Concurrency - New Frontier?
A major change is occurring in how computers are increasing their performance. For many years, processor manufacturers have increased the performance of their wares by making them run faster. This approach is starting to reach the end of its usefulness, however, partly due to things like the speed electrons can be persuaded to travel and other hard to change physical properties of the world in which we live.
Alternative ways to speed up computing operations exist, and one of these seems to be the New Way which is being trodden. The chosen path involves having multiple processors which can execute different bits of code at the same time, thus enabling more work to be done in a given amount of time. This approach has been used in servers for years by having multiple physical processors, of course, but is now becoming more mainstream on desktop computers. This is due to manufacturers starting to build more than one logical processor onto a single physical processor chip. Each logical processor is called a core. Both Intel and AMD now have been producing multi-core processors for long enough they are now common in desktop computers.
The change in the method new chips enable faster computing has a problem. Most applications written for desktop computers have not been built with multiple processors in mind and, as such, will not benefit from any extra processors to anywhere near the extent that is theoretically possible. A program needs to be explicitly written to use more than one processor; a program which not written in this manner will be confined to a single core and will not gain the benefits of parallel execution. As more work begins to be put into purely multi-proccessor speed improvements — e.g., more cores on a single chip — these programs will not see any improvements to their execution time.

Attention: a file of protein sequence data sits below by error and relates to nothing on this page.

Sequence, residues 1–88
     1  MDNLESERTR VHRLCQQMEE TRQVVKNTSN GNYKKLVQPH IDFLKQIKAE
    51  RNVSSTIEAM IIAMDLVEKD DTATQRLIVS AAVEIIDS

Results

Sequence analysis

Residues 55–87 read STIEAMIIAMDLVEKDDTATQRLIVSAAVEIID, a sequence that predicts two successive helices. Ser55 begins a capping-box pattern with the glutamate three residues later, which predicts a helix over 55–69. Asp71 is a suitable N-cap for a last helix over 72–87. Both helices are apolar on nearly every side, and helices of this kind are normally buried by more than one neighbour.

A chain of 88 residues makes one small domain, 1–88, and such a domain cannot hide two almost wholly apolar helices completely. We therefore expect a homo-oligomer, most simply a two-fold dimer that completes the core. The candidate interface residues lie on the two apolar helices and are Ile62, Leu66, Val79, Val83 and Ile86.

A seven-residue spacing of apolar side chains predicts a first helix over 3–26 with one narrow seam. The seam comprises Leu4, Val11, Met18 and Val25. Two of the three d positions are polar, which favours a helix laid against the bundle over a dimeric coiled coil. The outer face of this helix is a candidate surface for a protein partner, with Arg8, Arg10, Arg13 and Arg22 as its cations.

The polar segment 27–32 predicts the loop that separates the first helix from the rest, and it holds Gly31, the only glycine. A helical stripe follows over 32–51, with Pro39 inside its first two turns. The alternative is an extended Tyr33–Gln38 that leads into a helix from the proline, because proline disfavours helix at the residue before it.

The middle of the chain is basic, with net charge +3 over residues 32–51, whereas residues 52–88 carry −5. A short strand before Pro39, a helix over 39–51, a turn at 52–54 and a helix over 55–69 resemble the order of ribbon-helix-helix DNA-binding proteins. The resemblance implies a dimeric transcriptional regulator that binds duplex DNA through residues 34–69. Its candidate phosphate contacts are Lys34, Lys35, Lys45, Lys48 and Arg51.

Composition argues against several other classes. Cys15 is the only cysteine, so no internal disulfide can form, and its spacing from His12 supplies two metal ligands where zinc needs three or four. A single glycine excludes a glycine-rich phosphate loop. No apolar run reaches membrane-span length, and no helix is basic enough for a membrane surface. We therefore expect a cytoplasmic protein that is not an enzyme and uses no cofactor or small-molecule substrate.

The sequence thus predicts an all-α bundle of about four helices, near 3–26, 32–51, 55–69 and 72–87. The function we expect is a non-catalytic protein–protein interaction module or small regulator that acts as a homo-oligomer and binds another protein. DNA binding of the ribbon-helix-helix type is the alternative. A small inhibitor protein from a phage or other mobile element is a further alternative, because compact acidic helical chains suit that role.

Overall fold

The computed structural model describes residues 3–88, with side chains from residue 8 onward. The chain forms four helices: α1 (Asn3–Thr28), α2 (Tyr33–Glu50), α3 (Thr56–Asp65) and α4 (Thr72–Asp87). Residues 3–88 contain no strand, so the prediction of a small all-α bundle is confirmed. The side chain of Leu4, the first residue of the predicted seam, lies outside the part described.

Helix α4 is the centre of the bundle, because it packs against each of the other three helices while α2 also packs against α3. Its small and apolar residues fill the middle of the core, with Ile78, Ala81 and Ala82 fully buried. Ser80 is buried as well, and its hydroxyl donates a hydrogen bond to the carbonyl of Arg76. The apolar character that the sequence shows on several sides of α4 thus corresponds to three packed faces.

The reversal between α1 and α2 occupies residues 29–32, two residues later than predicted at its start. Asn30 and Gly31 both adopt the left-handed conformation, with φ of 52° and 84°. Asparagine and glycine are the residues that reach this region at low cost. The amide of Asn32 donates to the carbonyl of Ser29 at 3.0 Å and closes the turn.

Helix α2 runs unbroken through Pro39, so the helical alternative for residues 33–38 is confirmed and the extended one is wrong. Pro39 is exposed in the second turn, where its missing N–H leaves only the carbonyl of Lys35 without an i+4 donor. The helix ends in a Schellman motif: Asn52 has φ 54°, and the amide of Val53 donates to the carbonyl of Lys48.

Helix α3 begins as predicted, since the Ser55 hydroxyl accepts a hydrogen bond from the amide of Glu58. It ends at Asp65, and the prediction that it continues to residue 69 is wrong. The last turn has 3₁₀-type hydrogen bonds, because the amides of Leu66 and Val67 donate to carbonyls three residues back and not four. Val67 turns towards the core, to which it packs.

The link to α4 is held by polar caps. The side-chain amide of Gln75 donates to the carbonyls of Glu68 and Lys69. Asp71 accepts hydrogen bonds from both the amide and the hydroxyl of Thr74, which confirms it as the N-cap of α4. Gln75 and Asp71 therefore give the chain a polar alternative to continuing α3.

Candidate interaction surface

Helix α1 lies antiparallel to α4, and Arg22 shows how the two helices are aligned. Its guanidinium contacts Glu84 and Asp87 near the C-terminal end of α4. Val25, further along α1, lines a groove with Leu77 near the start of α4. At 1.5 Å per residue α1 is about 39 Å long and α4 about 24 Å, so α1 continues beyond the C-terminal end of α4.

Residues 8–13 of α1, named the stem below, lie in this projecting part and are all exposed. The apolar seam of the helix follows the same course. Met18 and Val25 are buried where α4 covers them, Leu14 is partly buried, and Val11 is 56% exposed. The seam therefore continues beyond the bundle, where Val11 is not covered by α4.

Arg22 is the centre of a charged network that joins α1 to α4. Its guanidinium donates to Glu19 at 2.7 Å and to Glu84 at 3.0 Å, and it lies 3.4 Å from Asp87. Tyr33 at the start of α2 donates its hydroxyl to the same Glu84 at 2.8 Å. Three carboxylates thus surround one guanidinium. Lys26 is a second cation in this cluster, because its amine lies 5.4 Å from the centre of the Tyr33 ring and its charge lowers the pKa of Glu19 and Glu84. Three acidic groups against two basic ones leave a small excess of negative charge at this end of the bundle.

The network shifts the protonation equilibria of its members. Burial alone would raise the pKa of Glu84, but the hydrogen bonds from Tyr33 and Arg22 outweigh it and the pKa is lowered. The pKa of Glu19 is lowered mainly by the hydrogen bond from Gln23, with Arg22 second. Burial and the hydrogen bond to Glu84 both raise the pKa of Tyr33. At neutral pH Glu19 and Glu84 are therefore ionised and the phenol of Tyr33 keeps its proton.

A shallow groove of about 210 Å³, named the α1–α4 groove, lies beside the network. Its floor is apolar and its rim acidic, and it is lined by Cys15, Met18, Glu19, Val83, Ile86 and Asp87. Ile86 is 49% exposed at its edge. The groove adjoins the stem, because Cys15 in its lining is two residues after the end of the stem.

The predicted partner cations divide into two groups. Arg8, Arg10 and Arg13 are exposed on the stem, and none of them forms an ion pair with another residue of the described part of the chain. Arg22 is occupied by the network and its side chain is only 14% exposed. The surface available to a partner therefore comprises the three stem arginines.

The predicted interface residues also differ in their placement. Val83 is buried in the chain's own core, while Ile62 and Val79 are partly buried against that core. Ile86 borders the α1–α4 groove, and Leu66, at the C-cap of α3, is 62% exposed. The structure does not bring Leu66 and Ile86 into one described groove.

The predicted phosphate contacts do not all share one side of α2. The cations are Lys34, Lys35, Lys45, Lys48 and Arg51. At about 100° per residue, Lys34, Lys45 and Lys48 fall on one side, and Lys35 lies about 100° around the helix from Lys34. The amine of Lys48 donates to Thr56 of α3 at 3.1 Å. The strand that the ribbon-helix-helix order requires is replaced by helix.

One of the major reasons that many, if not most, applications are not programmed with multiple processors in mind is simply that it is much more difficult to do so. Visualising the way a program works when multiple parts of the program can be executing at the same time is much harder than the case when things always happen one after another in a predictable manner.
Programming for multiple processors is often termed concurrent programming. The tools currently available in mainstream programming to aid the programmer with the rather difficult task of concurrent programming are primitive in comparison to the advances which have been made in other areas. For this reason, I believe work to make it easier to write efficient and correct concurrent programs is one of the most important current research topics in computer science.
To try and consolidate some of the reading on the subject I have done, I am going to try to write some posts here about the current state of tooling for concurrent programming and about some of the new approaches and technologies that should help with creating concurrent programs which take advantage of all your processor’s, uhm, processors.